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Cost-share program works to slice energy costs

Representatives from the conservation arm of the federal government made a recent stop in the Mississippi Delta to announce a new piece of technology aimed at saving water on the farm.

Touting the publicity campaign, “Smart Irrigation Month,” USDA Deputy Undersecretary Merlyn Carlson was a guest on a cotton field outside Yazoo City, Miss. On 220 acres farmed by Byron Seward and his son, Darrington, a sophisticated device will be installed in the control panel of an irrigation pivot sometime this fall.

It's soil-mapping technology that increases irrigation efficiency with a computer chip that enables boom nozzles to detect areas that need more water. The device can be installed in existing center pivot systems.

James Johnson, conservationist with the Natural Resource Conservation Service for the Greenwood, Miss., region, said the smart irrigation controller will be the first of its kind in the state.

“This is cutting edge, innovative technology. We've used similar technology in other agricultural aspects, such as insecticides, but it's just that water has been so cheap (in the Delta) and there hasn't been the incentive. But that's changing,” Johnson said.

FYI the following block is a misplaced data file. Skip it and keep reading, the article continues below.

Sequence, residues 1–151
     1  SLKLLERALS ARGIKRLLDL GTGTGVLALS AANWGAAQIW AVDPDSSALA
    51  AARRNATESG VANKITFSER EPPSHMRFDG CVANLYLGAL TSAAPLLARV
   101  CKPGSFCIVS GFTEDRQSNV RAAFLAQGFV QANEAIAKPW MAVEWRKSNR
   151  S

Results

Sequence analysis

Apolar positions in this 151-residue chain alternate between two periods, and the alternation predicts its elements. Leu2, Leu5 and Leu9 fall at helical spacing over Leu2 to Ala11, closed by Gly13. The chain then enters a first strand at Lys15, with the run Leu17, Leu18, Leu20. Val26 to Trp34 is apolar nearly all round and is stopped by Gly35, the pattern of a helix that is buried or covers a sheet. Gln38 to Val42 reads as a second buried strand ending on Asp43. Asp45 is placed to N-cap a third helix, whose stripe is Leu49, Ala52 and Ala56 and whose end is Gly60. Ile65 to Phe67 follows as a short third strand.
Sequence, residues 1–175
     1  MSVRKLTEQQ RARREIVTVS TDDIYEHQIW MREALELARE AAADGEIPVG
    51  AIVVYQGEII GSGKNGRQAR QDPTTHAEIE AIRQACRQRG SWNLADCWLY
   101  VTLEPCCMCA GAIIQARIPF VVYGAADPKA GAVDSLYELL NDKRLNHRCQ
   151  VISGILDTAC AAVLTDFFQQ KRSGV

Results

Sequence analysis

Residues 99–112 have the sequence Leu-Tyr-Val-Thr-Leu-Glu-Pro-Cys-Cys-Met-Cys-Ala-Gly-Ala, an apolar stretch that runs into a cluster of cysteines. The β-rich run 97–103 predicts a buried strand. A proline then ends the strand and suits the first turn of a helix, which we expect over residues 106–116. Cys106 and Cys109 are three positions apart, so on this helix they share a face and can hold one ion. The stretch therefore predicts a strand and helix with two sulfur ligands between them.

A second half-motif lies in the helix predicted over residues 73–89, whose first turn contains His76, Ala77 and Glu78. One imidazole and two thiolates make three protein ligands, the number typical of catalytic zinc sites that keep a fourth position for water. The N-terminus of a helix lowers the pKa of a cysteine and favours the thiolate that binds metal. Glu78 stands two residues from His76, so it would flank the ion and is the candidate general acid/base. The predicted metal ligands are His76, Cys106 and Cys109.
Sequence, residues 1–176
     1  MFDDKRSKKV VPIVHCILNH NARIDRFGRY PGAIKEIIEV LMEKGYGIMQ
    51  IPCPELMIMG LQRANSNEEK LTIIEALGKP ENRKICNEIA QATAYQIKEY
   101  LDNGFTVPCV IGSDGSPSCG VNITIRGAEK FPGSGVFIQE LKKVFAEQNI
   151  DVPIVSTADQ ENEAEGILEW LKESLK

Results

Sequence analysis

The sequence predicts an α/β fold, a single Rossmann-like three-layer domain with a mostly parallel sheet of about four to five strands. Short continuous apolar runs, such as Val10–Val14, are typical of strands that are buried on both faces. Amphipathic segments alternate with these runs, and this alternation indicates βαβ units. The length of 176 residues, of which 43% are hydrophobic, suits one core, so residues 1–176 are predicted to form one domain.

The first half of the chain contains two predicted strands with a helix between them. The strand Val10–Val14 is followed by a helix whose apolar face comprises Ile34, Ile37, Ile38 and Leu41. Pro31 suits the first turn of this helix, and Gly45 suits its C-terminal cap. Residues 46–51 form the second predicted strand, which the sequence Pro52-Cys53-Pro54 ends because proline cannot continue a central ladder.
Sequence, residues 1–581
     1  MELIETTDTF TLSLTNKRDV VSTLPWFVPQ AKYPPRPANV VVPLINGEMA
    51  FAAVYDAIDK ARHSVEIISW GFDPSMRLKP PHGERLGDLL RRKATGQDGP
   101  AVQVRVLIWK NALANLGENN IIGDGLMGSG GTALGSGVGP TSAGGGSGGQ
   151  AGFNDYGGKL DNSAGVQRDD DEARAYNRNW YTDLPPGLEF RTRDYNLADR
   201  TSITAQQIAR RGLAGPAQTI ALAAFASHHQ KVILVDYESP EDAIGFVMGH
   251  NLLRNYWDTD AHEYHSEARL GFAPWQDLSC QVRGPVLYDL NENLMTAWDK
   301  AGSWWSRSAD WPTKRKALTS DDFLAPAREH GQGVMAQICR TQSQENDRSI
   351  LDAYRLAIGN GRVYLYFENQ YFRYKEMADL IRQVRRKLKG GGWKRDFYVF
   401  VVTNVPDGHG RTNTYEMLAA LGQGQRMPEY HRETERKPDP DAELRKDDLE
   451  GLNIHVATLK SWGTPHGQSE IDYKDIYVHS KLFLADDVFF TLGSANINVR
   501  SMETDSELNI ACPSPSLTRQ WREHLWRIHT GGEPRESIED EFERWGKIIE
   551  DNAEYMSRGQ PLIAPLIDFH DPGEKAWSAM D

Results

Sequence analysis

Through the NRCS Environmental Quality Incentives Program, a farmer can conditionally purchase a smart controller at a 50 percent cost-share.

Byron said while the water savings will be an important advantage — minimizing both gratuitous irrigating and ditch runoff — the cost savings will be spent on other management expenses, such as fuel and fertilizer costs.

“Plus, it will help produce more-consistent yields across the field,” he said.

Johnson said the Sewards were familiar with the technology and acted quickly to take advantage of the cost-share program. He said other farmers should consider investing in the technology while the cost-share opportunity is available.

“Once this technology becomes popular, there won't be the financial (assistance) incentive,” he said.

Carlson said applying the smart technology to irrigation is USDA's third target area. Earlier this year, the USDA unveiled smart technology aimed at increased efficiency in tillage and fertilizing.

“Our researchers say that the three phases together can save $2 billion annually in energy costs from nutrients, chemicals and water,” Carlson said. “This is the threshold of where we are going — the chapter is just opening — and these are the prototypes. We have to go this way to use less water, less nutrients, and less energy and to save money.”

He noted that farmers and their ag groups are approaching federal agencies for help with exorbitant energy costs. But, he said, limited financial resources remain a big obstacle to the agency's promotional efforts and assistance.

“We are in a competitive global war for food production. We are able to compete because of technology. But we can't rest on our laurels; we must move forward.

“But we have not only the technology, we have the entrepreneurialism, the infrastructure and the will to put it all together. That's our edge, but we must continue to be on the move with it.

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